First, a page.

NAF trial tentatively set for December, location uncertain

By Julie Fann
star staff

Carter County Clerk and Master Charlotte McKeehan on Monday said the trial date for the lawsuit the city of Elizabethton has against North American Fibers has been tentatively scheduled for Dec. 16, 17 and 18 in Washington County.
   "The schedule I have from the Chancellor's office says the trial will be heard in Johnson City on those dates, but that is subject to change until I get the full schedule from all judges sometime next week," McKeehan said.
   The trial will be a bench trial, meaning the outcome will be determined by a judge (in this case Chancellor Richard Johnson) and not a jury. A hearing regarding a request for a change of venue made by three Carter County residents on behalf of defendant Charles Green is, according to local officials, a moot point.
   "It isn't a jury trial. The Chancellor determines where the case will be heard," said Ruth Bowers, secretary for City Attorney Roger Day.
   Charlton DeVault, lead council for the city of Elizabethton, said he believed the trial will be heard in Carter County and that the Clerk and Master's office must have been mistaken. "I think she's (Charlotte McKeehan) mistaken. He (Richard Johnson) had to pick three days that were clear. As far as I know, it will be tried in Elizabethton."
   The city filed the lawsuit against NAF on August 16, 2000, complaining that an NAF landfill was sitting on top of one of the city's main sewer lines. The city asked that NAF remove material and grant access to the sewer line so that city workers could inspect and maintain it.
   The city says it paid $10,000 for a sewer easement in 1957, then built the 24-inch West End interceptor which served approximately 40 percent of the population at the time the suit was filed. City Manager Charles Stahl said the city was concerned the sewer might be deteriorating or in danger of collapsing from the weight of the landfill.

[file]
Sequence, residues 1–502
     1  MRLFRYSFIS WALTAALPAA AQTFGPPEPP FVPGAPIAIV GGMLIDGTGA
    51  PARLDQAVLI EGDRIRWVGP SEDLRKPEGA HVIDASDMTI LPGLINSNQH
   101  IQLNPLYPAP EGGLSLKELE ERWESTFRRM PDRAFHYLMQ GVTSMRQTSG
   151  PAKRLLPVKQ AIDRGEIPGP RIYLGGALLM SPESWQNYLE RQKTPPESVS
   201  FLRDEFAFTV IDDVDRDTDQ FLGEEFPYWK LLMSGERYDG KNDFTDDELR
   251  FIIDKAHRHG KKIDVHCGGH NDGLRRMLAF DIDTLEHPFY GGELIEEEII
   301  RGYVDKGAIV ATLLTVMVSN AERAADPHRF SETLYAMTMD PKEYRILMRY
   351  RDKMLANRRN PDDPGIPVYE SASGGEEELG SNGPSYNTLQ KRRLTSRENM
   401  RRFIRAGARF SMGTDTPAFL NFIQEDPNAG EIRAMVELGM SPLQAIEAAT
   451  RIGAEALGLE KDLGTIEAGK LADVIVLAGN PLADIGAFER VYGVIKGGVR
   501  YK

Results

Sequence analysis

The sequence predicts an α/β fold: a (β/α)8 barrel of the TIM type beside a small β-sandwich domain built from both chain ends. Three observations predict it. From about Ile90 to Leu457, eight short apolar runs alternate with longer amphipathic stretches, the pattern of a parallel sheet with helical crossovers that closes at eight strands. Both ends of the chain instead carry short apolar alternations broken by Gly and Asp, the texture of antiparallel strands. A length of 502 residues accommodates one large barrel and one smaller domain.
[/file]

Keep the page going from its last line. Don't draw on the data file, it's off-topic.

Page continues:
Three Carter County residents in May filed a request that the trial be moved to Washington County, claiming they have a personal stake in the outcome of the case because taxes will rise if the costs of the new sewer line aren't turned over to NAF.
   In the motion for a change of venue, NAF said the city had been allowed to change its original complaint to include recovery of expenses from the new sewer line the city built to bypass the old one. However, the city said it spent $1,102,745 for the new bypass and that additional interest and debt from the new line is expected to cost $328,841.24 over a 20-year period at the current interest rate of 2.8 percent.
   Attorneys for the city of Elizabethton responded to the request by saying that, according to Tennessee Code, such a request applied only to cases where a jury is necessary to decide the factual issues of a Circuit or Chancery Court case.
   In the document submitted to the Clerk and Master's office in June, the city's attorneys stated that there has been no demand for a jury in the case and, therefore, the motion for a change of venue appeared to be a "mistake" because the case is to be heard by a Chancellor at a bench trial, not a jury trial.